Marijuana is more popular than ice cream.
The Green Rush is on in the USA, with the cannabis industry exploding in size. A new report from the Marijuana Business Daily has calculated that the estimated total demand for marijuana, including the black market, is between $45 billion and $50 billion, reports Debra Borchardt at Forbes.Annual ice cream sales total only $5.1 billion, meaning weed is about 10 times more popular. But as most of us know, a high tide lifts all boats; rising cannabis sales can also result in rising ice cream sales, because The Munchies.
Total recreational cannabis sales in the United States, according to this estimate, also top movie ticket sales ($11.1 billion), and munchies like Doritos, Cheetos and Funyuns ($4.9 billion).
“If the federal government legalized marijuana nationwide, sales might start out at around that level but would likely quickly rise as cannabis gained mainstream acceptance and the market evolved,” according to the report.
Weed Infused Ice Cream, Anyone?
It’s not an either/or choice, you know. You can have your weed AND your ice cream. Marijuana infused ice cream is definitely a thing — and it could be a giant opportunity for enterprising entrepreneurs.I first tried infused ice cream back in 2011 after I became medical marijuana dispensary critic for the Seattle Weekly, and I loved the stuff.
Emerald City Compassion Center, a now-departed medical marijuana dispensary in Seattle suburb Shoreline, Washington, had the normally $15 “Seymour Green’s” treat on sale for $10, and I (literally) bit.
[W]hether it was due to ice cream taking longer to metabolize, or perhaps because I didn’t have the treat on an empty stomach, the major effects of the cannabis-infused ice cream didn’t really come on until more than 90 minutes after I’d eaten it. Once the effects did happen, though, they noticeably stuck around for hours, and in fact aided me in experiencing one of the most restful nights of sleep I’ve had in months.
Cannabis Creamery, based in Sausalito, California, has been smart enough to create their own weed ice cream under the direction of ice cream expert Isaac Lappert, reports the Green Rush Daily. The product is distributed through California dispensaries, where people with medical cannabis cards can buy it.The Creamery is doing something right. In 2014 they won the Best Dessert Edible prize in the Kush Cup. Several other companies have begun popping up in Colorado, Washington, California and Oregon, among other green friendly places throughout the country.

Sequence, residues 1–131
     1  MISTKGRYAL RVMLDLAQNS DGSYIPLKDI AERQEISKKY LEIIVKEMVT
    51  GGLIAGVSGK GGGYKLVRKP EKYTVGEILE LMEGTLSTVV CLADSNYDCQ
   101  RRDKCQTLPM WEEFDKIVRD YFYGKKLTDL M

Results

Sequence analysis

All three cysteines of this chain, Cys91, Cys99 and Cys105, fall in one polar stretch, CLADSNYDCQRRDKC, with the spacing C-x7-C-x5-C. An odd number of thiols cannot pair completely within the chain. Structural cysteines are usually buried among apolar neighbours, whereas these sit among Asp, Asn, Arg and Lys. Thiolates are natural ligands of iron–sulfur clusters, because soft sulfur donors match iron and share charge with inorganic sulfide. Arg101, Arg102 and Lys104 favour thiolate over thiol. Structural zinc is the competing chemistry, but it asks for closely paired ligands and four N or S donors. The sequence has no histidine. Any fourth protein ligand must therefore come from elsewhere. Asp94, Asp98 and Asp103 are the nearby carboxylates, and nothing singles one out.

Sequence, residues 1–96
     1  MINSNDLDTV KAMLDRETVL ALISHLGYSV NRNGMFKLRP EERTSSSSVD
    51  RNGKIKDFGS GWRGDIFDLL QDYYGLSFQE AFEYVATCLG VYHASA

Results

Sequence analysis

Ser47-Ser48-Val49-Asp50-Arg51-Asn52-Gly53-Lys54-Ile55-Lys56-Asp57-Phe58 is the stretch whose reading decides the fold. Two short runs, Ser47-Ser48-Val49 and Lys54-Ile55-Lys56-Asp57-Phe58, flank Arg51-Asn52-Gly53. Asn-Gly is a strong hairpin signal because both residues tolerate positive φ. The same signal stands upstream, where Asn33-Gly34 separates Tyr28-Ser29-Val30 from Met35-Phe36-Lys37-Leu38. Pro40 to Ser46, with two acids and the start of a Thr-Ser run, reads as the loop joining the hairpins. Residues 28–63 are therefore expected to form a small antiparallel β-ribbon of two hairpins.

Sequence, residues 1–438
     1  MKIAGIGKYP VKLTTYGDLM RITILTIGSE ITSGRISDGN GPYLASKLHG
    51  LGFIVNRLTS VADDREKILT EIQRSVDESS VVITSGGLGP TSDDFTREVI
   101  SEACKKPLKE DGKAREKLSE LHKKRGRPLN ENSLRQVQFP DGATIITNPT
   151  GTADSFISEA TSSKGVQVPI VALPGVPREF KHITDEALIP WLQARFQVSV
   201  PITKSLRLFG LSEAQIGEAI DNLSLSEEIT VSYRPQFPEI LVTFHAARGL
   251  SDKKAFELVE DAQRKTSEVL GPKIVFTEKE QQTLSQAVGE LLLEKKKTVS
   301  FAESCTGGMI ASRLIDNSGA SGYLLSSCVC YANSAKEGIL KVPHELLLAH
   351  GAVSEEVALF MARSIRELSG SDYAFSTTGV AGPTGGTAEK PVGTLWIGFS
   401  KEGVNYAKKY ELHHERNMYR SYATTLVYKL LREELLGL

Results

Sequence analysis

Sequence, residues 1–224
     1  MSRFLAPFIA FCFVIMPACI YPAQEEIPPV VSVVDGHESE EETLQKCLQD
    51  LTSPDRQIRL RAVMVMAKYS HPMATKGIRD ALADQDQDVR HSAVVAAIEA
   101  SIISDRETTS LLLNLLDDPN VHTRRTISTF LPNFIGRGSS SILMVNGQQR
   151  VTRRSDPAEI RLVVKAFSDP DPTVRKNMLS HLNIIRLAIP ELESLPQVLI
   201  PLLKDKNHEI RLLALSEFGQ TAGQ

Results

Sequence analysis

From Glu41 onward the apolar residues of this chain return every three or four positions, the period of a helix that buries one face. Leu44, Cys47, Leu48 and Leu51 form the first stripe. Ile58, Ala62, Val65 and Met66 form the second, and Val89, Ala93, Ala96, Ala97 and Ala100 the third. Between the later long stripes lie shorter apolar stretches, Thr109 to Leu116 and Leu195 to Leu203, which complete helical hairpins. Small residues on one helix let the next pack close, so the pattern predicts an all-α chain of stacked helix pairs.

Even Ben & Jerry have said they’d support making cannabis-infused versions of their ice creams available where marijuana is legal. “Makes sense to me,” Ben Cohen said in 2015, reports Mary Jane Gibson at High Times. “Combine your pleasures.”
Protecting Their Profits: Tobacco and Alcohol
‘At that rate, it wouldn’t take long to surpass tobacco sales, and potentially, even alcohol sales. Maybe that’s why both Big Tobacco and Big Alcohol have spent millions to block pot legalization — in order to protect their own profits.
Legal marijuana sales, so far, both recreational and medicinal, represent only about 10 percent of the picture. Legal sales in 2016 were between $4 billion and $4.5 billion, according to the report.
Even that number beats music streaming services ($2.5 billion) and Girl Scout cookies ($776 million).
“On the recreational side of the business, the original legalized states are still posting massive growth,” said Chris Walsh, editor of the Marijuana Business Daily. “The demand for marijuana is so enormous in this country.”
More Marijuana Industry Workers Than Massage Therapists
The cannabis sector now employs between 165,000 and 230,000 full-time and part-time workers, according to the report. “To put this in perspective, there are now more marijuana workers than there are bakers or massage therapists in the United States,” the report tells us. There are now more cannabis industry employees than there are dental hygienists.Of course, all those marijuana employees spend their earnings on housing, food, travel and entertainment, helping other local businesses. Areas with legalized cannabis are experiencing a real estate boom. Tourism is bringing new travel dollars into green states.
For every dollar spent at marijuana stores, another $3 in economic benefits are created, according to the report. States and municipalities are benefitting greatly from cannabis tax receipts, using the money for things like infrastructure repairs and schools.
The picture isn’t entirely bright. The election of Donald Trump has cast a shadow over the thriving industry. Nobody — the Administration included — seems to be very clear on exactly what marijuana policies are going to be, going forward. Increased enforcement of federal law could negatively impact future sales. That’s definitely the #1 worry for cannabis companies, according to Walsh. Federal law still defines weed as a Schedule I controlled substance, as dangerous as meth and heroin.